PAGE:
Real estate is a great equalizer. Everyone needs to rent or buy a home. Businesses need to rent or buy an office. Retailers need to rent or buy a store. The simple fact is that real estate touches all aspects of our lives. Consider that almost six million homes were sold in 2018 alone, not counting commercial properties or rentals. Put another way – the scope of the real estate industry is massive. This means legal disputes over property are similarly massive and often expensive. Real estate mediation offers an alternative to home buyers and sellers alike. Here’s what you need to know about the real estate mediation process.
What is Real Estate Mediation?
There are countless chances for conflict during any type of property transaction. Perhaps a seller doesn’t make the proper disclosures, or a title search reveals a lean on your new home. Maybe a listing agent doesn’t receive their listing fee, or business partners dissolve their partnership while in escrow for a new office. Whatever the case – and there are many – the real estate mediation process is largely the same.
Mediation begins when all parties involved bring in a third-party mediator. Your mediator is neutral and facilitates communication, understanding, and collaboration between you and the other individuals or businesses. Real estate mediators are often attorneys, former judges, or otherwise experienced legal professionals. The National Association of REALTORS®, as well as state and local associations, have mediators on staff for their members and the clients their members represent.
The real estate mediation process consists of communication and negotiation between involved parties. It is confidential, which means that all verbal and written communication is private and only seen by those involved. This helps lead to the parties working together to achieve a favorable and mutually agreed upon outcome.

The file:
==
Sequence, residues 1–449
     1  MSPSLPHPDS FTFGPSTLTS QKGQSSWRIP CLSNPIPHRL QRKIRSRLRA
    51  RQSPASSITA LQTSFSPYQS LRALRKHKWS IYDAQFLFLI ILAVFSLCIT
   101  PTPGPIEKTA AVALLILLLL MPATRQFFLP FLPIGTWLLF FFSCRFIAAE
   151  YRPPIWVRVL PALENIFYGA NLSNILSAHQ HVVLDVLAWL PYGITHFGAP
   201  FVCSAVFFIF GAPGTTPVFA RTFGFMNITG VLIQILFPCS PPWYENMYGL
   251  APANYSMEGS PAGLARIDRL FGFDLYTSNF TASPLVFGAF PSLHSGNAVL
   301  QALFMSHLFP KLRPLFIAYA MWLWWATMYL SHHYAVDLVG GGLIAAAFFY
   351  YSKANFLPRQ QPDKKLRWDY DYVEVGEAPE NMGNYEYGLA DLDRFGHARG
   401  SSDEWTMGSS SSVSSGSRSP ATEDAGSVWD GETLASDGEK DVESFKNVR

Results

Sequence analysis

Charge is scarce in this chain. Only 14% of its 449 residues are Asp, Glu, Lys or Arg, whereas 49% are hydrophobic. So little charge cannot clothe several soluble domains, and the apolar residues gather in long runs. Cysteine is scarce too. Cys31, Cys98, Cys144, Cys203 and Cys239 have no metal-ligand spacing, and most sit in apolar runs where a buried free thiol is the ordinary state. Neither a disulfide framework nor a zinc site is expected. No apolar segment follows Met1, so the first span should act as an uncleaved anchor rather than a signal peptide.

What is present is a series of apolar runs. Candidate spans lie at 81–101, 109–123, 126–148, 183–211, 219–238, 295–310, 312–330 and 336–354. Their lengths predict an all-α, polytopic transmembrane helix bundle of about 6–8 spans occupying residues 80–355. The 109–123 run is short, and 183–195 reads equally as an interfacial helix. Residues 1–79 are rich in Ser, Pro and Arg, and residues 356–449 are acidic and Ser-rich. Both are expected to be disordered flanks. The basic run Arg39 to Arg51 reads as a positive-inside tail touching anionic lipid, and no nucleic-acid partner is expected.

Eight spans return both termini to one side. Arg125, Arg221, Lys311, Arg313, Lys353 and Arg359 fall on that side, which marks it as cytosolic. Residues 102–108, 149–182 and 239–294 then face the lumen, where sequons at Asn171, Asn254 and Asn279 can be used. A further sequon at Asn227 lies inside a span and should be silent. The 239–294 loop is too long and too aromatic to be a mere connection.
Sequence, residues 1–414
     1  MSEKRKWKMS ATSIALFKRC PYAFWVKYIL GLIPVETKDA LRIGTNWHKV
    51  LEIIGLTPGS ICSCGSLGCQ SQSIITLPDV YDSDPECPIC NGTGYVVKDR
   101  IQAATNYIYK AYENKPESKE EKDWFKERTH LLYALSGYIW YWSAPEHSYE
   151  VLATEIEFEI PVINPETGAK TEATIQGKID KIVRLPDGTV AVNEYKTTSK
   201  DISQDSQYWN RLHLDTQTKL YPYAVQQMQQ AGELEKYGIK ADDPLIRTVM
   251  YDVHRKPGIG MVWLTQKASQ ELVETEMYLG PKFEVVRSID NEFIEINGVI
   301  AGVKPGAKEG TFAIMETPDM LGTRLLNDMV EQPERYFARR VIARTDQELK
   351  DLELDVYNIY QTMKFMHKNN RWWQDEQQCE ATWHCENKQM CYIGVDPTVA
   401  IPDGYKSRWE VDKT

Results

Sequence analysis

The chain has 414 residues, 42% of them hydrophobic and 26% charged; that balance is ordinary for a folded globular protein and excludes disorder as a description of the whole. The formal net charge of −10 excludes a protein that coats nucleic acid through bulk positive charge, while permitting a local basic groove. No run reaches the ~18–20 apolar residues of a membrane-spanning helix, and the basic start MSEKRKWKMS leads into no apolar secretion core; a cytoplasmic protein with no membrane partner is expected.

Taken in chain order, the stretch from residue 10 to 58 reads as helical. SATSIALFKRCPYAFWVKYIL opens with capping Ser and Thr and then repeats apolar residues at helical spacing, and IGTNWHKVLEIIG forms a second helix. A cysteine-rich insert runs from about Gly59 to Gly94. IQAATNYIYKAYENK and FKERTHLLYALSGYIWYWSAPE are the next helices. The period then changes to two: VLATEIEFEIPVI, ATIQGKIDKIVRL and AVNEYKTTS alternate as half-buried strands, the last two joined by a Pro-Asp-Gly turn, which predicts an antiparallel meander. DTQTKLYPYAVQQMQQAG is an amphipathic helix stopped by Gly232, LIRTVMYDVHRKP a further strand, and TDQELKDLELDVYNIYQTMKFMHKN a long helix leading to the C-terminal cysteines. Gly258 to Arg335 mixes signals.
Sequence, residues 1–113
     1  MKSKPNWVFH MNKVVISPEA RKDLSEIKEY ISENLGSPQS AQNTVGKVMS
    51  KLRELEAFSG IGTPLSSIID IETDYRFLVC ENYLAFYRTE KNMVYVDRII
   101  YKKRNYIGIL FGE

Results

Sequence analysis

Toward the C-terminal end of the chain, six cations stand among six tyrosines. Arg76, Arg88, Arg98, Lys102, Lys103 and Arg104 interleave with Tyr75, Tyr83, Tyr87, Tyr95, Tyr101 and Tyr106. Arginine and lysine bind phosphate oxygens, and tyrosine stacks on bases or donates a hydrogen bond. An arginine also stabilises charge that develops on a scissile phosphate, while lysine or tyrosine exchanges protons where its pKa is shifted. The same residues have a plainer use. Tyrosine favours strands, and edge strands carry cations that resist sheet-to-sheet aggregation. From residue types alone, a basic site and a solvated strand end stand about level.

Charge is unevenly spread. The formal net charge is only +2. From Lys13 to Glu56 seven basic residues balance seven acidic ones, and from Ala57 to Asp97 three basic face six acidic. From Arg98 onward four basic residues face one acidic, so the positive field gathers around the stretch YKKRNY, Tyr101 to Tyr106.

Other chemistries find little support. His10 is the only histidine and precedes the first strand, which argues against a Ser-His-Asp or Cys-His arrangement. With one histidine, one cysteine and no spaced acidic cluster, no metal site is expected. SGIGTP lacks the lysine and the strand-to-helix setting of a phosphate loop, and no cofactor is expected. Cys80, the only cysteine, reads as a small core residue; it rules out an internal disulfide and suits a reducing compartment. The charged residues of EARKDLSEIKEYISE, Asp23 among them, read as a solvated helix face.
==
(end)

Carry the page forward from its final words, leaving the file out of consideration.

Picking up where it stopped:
Mediation is less expensive and more efficient than litigation. Not only is there no need for multiple attorneys, paralegals, and other legal professionals, but the process of working together with the other parties often leads to a quicker conclusion. When faced with months or years in court or days or weeks in mediation, most people opt for mediation.
Now that we have looked at the real estate mediation process, it is time to look at the differences between real estate arbitration and mediation.
Real Estate Arbitration vs. Mediation
Although they share a number of similarities, real estate arbitration and mediation are noticeably different. The largest difference is that while mediation is a collaborative process (all parties working together towards a common solution), real estate arbitration is an adversarial process. This means that those involved argue their cases before an arbitrator, who then deliberates and decides on the outcome. In Phoenix, you can find some airport car services with an effortless booking process.
Both mediation and arbitration use neutral third parties. Mediators do not have control over the final decision, though, while arbitrators do. Arbitration decisions can be appealed, but this is often a fruitless pursuit. You must enter into an agreement to arbitrate before the process begins. Oftentimes, the agreement states that the arbitrator’s final decision is binding (it must be followed).
The Mediation Clause in Real Estate Contracts
Because real estate disputes are so common, many contracts now contain an appendix called the mediation clause in real estate contracts. This is simply a piece of paperwork that states any potential disputes will go through the real estate mediation process before any type of litigation can occur. To find mold remediation professionals in Chicago IL visit http://www.thecleanupguys.com/. Sometimes the mediation clause in real estate contracts will be absent and instead focus on arbitration.
Shapiro Mediation has an experienced and expert team of real estate mediators ready to help you. With local offices in both Florida and Massachusetts, we know what it takes to get you the outcome you want. Contact us today at (339) 298-7733.